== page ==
“Heavenly Beings: Neither Human nor Animal”

Alenka Gregorič

October 16, 2018
Museum of Contemporary Art Metelkova, Ljubljana

“[A]re humans able to resist together with plants and animals?”1 With this question, Zdenka Badovinac and Bojana Piškur invite viewers to consider the possibility that all living things can coexist—and co-resist. Most animals are so dependent on human actions and choices for their survival: they likely do not ponder ways to revolt against capitalism. Unless, like the animals in George Orwell’s Animal Farm (1945), they already have an anthem, a flag, and the Seven Commandments necessary to rise against humans. Indeed, we might imagine that animals have already elected a new species to act as leaders, and decided what position humans will occupy. But why would humans—who use animals for food, religious rituals, transport, and entertainment—be granted any position in the animals’ new world?

Several works in “Heavenly Beings” explore potential synergies between humans and animals. Maja Smrekar’s Hybrid Family (2016), for example, is a series of black-and-white photographs documenting a three-month performance during which the artist trained her body to produce breast milk, which she fed to a puppy she was living with. Correlated in content and form is Opus et domus (2018), in which Smrekar spins yarn from dog and human hair on a spinning-wheel. Broaching gender, family values, and the position of women as mothers, both projects reflect on the processes of, and differences produced by, what Giorgio Agamben has called the “anthropological machine.”2

Photographic documentation of Oleg Kulik’s work presents another take on the connection between the human and animal worlds. In Dog House—a notorious 1996 performance at Stockholm’s Färgfabriken gallery—Kulik crawled around on his hands and knees, with a chain around his neck, behaving like a dog. When a visitor ignored the warning not to overstep the boundaries of the “dog’s” territory, Kulik bit them—and was subsequently arrested. The performance caused a scandal, prompting the artist to explain his motives and the background in an open letter.3

Some of the works depict animal slaughter, a subject that can provoke aversion and disgust, despite the fact that innumerable animals are slaughtered daily to feed humans’ carnivorous tastes. This hypocritical attitude was at the center of Where is the Line?, Franc Prug’s 1998 performance at the Škuc Gallery, presented as video documentation. In the back room of the gallery, the artist butchered a calf with the assistance of a professional butcher, while a vast majority of the visitors at the opening feasted on a mostly meat-based buffet in the adjoining room. For the opening night of “Heavenly Bodies,” Sven Stilinović remade his 1993 performance Geometry of Bloodthirstiness: he brought a whole roast lamb to the opening, cut it up in front of the audience, and offered it to them with bread and wine. They ate it all.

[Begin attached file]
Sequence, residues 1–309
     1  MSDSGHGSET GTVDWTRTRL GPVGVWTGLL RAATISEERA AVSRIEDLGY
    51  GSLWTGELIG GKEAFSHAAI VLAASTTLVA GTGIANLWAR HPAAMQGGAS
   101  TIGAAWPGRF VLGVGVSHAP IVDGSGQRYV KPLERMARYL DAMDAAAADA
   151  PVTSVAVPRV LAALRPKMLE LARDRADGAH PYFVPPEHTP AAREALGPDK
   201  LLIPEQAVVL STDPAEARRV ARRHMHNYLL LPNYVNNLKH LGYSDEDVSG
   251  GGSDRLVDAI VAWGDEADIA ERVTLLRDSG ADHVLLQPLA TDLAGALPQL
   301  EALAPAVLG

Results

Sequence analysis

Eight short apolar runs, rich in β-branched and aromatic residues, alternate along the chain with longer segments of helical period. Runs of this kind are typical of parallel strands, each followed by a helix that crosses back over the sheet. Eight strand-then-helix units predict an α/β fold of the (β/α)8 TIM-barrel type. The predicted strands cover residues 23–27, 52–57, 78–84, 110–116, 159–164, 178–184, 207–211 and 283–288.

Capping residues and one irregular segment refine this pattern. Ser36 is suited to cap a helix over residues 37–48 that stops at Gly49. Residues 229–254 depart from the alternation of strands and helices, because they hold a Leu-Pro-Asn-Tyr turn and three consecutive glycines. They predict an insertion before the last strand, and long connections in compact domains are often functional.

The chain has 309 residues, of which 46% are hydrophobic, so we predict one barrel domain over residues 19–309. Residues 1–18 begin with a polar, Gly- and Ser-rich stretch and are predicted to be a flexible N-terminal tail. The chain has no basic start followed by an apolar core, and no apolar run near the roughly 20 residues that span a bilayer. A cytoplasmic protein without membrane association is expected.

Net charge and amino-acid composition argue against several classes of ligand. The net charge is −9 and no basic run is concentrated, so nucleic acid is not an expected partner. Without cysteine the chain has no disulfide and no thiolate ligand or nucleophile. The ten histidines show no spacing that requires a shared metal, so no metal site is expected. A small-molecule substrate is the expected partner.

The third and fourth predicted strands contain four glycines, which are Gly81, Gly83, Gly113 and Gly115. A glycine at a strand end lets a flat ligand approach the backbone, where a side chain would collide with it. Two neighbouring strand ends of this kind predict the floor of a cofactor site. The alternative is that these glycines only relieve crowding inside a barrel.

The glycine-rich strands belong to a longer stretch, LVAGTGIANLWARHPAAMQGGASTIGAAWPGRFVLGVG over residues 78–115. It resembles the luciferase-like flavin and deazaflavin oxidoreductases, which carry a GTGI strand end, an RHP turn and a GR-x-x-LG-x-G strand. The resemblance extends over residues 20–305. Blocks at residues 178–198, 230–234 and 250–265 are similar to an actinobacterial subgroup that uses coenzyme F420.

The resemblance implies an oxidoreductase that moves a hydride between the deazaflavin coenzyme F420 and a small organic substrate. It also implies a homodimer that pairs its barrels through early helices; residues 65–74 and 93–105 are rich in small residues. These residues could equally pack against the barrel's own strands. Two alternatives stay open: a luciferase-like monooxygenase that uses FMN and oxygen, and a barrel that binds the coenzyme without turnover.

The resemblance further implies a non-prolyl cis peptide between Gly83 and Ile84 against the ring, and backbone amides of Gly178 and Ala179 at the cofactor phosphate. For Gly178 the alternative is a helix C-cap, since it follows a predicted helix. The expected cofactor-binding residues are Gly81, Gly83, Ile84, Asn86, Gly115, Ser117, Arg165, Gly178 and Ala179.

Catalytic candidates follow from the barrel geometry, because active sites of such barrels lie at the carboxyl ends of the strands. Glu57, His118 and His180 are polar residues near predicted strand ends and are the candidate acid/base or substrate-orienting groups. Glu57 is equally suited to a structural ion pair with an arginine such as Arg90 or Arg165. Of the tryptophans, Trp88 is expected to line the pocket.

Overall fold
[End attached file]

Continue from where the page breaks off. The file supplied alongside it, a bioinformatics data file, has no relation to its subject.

Tanja Lažetić’s Berlin Zoo, 1965–2006 (2018) juxtaposes two photographs of a lion in the Berlin Zoo, one taken by her grandmother in 1965 and the other taken by the artist in 2006. Berlin saw dramatic social, political, and economic change in the intervening years, but nothing changed for the lions—not even their cage. Poet Jure Detela thought about zoos as prisons for animals in the 1970s. In 1975, he broke into the Ljubljana Zoo to set forest animals free, true to his ideas on animal rights and ways to transcend established human/animal relationships.

A more lighthearted note is struck by Vladimir Leben’s A Dog’s Life (2013), produced in collaboration with embroidery studio Ercigoj Art: a triptych of embroidered paintings portraying the stray dogs that ride Moscow’s subway every day in search of food. Siniša Labrović parodies human-animal relationships to the point of absurdity in Flock.org (2005), a reality show featuring sheep. By voting for their favorites, spectators assumed responsibility for deciding between life and death: the eliminated sheep would be butchered unless saved by a spectator willing to live with it in their home for 24 hours. The winning sheep got a contract ensuring it a lifetime of care, while the spectators got plenty of opportunities to save lives. In his video Immortality and Resurrection for All! (2017), Anton Vidokle (the editor of e-flux journal), explores the influence of the utopian tenets of Cosmism—the now largely forgotten Russian philosophy combining Marxism, Eastern and Enlightenment thought, and Orthodox Christianity—on life in the twentieth century and its relevance to the present. The final chapter of a trilogy of videos—comprising This Is Cosmos (2014) and The Communist Revolution Was Caused By The Sun (2015)—it meditates on the museum as the site of resurrection of all life. One cannot help but wonder if animals, like humans, want life after death.


Zdenka Badovinac and Bojana Piškur, exhibition notes, http://www.mg-lj.si/en/exhibitions/2369/heavenly-beings-neither-human-nor-animal/.


Giorgio Agamben, The Open: Man and Animal, (Palo Alto, CA: Stanford University Press, 2002).


Oleg Kulik, “Why Have I Bitten a Man? An Open Letter of Oleg Kulik,” in Interpol: The Art Exhibition Which Divided East and West, eds. Eda Čufer and Viktor Misiano (Ljubljana and Moscow: IRWIN and Moscow Art Magazine, 2000), 37–38.

Animals, Human - Nonhuman Relations, Motherhood and Reproduction, Cosmism

Alenka Gregorič is an art historian, curator, and writer.

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Museum of Contemporary Art Metelkova
October 16, 2018

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